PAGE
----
Director: Gary Shore
Actors: Luke Evans, Dominic Cooper, Charles Dance
Review Author: Tony
Rating: 1.5 / 5 Cans of Guinness
Dracula Untold was green-lit for the purpose of launching an Avenger’s type franchise starring the classic Universal monsters. The film was a financial success but panned by critics. Dracula Untold tells the origin story of Count Dracula, one of Hollywood’s most famous villains. The film largely ignores the Bram Stoker novel and instead tries to establish an origin story of the dark prince based on Vlad the Impaler.
When I first heard of Dracula Untold the original title for the film was Dracula: Year One, clearly influenced by the Batman comic and animation Batman: Year One. The Year One arc of storytelling has become popular in comics ranging from The Justice League to Judge Dredd. Hearing that Dracula was going to be the protagonist of the film intrigued me, and I wanted to see how they would touch on the topic of Vlad’s renowned cruelty. Unfortunately, any hopes I had for this film were dashed upon seeing the convoluted mess it was. The story is paper thin, any ambitious ideas are ignored and its plain style over substance.
The opening scene of the film is a poor narration of the back-story of Vlad Tepes. Vlad has a reputation as a fierce warrior with a deep hatred of the Turks. Vlad rules over his kingdom of Wallachia and Transylvania with his wife and child living a religious life. The Turks enter his land and demand a tribute of 1000 boys or they will face their wrath. Vlad seeks the power of an ancient evil which will turn the tide in his favour to protect the ones he loves.
Dracula Untold suffers from an identity crisis, it can’t decide if it’s an epic adventure or a superhero film as it never fully divulges into any genre. We get large armies yet no grand battle scenes; we see Vlad’s powers yet none are fully explored, we are told about his new curse yet never see his struggle. The film has so many significant sources of ambitious ideas but ignores them all. Bram Stoker’s novel portrays Dracula as the villain, but he’s a tragic character who becomes the monster he is out of grief and bitterness. The history and mythology of Vlad the Impaler is a fierce advisory to the Ottoman Empire who disposes of his victims in the vilest and bloodthirsty ways. None of this is even glimpsed at in Dracula Untold, instead we get a Vlad that’s a decent bloke who feels bad about his vicious acts, it’s all so damn safe.
The cast is pretty much forgettable except for Luke Evans, the man deserves better roles and I’m on board for him to be a leading actor. Evans does his best to show a conflicted man, while I think the character is written to be too righteous, I still enjoyed Evans’ performance. Dominic Cooper as Mehmed II is so underwhelming it leaves you wondering how he could lead an Empire. In fact, the portrayal of all the Turkish characters comes across more as a bunch of sleazy guys who are more likely to roofie your drink than cut you down. The film simply refers to the Ottoman Empire as the Turks, which is ludicrous as the Ottoman Empire composed of dozens of nations and different people. It’s another poor portrayal of a large Muslim force by stereotyping them as one nation and giving them no development or motivation other than to oppose the protagonist.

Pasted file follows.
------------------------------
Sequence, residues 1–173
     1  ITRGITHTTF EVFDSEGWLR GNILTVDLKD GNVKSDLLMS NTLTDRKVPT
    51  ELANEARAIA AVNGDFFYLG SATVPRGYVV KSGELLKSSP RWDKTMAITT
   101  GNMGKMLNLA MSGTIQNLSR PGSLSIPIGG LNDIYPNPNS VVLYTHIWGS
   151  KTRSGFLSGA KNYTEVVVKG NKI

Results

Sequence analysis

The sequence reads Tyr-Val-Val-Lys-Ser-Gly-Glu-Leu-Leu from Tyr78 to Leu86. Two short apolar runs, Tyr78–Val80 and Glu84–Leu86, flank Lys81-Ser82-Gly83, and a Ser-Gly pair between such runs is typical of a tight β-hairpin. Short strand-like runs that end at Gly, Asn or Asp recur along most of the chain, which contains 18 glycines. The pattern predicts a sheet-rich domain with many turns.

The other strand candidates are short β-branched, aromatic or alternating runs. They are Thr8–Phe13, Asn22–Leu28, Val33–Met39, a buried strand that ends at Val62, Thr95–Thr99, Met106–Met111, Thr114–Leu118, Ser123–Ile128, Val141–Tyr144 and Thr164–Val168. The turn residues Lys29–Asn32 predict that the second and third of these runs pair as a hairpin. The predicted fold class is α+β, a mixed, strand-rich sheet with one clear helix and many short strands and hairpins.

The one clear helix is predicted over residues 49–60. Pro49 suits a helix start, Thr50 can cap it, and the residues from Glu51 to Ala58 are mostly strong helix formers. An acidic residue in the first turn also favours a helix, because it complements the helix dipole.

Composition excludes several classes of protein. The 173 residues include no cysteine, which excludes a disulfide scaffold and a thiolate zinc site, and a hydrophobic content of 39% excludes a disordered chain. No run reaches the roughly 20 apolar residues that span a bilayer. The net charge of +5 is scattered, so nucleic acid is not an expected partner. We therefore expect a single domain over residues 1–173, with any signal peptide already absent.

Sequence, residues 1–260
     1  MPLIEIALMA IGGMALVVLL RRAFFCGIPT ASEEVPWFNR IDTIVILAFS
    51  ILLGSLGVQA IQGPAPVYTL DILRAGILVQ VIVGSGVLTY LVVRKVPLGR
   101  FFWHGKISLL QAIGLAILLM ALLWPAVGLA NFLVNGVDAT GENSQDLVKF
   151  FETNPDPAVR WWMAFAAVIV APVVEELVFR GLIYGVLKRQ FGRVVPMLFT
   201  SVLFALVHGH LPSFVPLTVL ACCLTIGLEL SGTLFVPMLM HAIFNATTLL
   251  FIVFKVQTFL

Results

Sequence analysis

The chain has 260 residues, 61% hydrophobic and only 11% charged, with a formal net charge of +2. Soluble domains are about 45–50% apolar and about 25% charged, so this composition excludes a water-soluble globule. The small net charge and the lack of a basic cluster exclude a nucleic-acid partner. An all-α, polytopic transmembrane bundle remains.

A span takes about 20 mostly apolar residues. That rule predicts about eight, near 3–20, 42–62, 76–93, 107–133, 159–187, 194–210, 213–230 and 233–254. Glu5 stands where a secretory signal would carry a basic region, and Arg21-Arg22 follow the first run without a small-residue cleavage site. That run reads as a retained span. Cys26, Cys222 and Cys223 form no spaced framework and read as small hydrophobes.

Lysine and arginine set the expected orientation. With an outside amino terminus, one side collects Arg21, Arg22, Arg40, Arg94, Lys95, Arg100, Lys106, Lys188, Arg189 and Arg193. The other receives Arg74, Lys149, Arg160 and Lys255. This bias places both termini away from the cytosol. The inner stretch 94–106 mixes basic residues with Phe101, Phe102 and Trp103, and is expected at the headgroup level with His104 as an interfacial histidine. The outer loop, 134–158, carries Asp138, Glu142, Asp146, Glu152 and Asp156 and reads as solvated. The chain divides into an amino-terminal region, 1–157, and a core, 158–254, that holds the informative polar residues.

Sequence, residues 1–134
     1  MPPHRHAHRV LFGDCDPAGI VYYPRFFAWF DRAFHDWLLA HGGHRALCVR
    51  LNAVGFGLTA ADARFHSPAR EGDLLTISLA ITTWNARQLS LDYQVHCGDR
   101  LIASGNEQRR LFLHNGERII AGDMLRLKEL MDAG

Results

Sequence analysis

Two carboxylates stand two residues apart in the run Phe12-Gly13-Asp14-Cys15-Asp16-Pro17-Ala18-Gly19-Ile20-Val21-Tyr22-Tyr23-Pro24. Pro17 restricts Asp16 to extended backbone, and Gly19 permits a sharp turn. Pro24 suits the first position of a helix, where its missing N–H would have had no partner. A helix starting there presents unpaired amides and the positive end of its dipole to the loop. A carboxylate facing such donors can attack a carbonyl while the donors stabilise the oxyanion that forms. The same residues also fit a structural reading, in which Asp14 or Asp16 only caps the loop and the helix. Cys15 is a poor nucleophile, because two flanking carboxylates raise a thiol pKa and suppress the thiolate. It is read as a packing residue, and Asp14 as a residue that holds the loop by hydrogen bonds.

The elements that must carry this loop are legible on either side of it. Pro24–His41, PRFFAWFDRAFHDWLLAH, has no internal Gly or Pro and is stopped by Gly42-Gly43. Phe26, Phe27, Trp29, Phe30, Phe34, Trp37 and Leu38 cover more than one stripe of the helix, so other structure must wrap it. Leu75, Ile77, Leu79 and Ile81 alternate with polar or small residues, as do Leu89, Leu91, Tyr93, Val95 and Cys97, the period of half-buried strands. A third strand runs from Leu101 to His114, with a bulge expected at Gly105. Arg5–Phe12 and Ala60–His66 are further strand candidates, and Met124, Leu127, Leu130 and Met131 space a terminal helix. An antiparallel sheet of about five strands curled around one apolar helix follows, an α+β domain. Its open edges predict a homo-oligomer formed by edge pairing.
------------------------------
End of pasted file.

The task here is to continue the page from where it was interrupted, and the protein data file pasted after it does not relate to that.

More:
If the film has one thing going for it, it’s that it’s pretty. The cinematography stands out in many long shots and the gothic interiors of Vlad’s hold are impressive. They shot the film in Northern Ireland and it really shows off the beautiful landscape.
While I may be sinking my teeth into the film too much for technical reasons my biggest gripe with Dracula Untold is that it’s boring. If you’re not going to pay homage to the source material at least put your resources into making a fun popcorn flick. Sadly, this isn’t the case here as most fight scenes use poor effects and cut away from the action. There’s a scene where Vlad charges towards an oncoming force, he’s only obtained his powers and I was excited to see what he was capable of. As soon as the scene gets interesting with him cutting through Turks, the camera cuts away and shows a falling sword reflecting snippets of the action unfolding. It’s such a cop-out, it doesn’t even look flashy, exciting or stylish, it just takes us away from the action and deprives the audience of what could have been a landmark scene.
Gary Shore in his directorial debut has made a visually pretty but toothless entry to the Dracula franchise. Although a fellow countryman, I cannot give Shore any credit or praise for this soulless and boring movie. Dracula Untold fails to use the foundations it sorely needed from not one but two rich and sprawling stories of Bram Stoker’s Dracula and histories own Vlad the Impaler. Luke Evans acting talents are squandered here and Charles Dance needs roles which don’t include licking people’s faces. My fellow reviewer, Adam summed the film up perfectly in saying Dracula Untold should have stayed untold.
Dracula Untold should never have seen the light of day.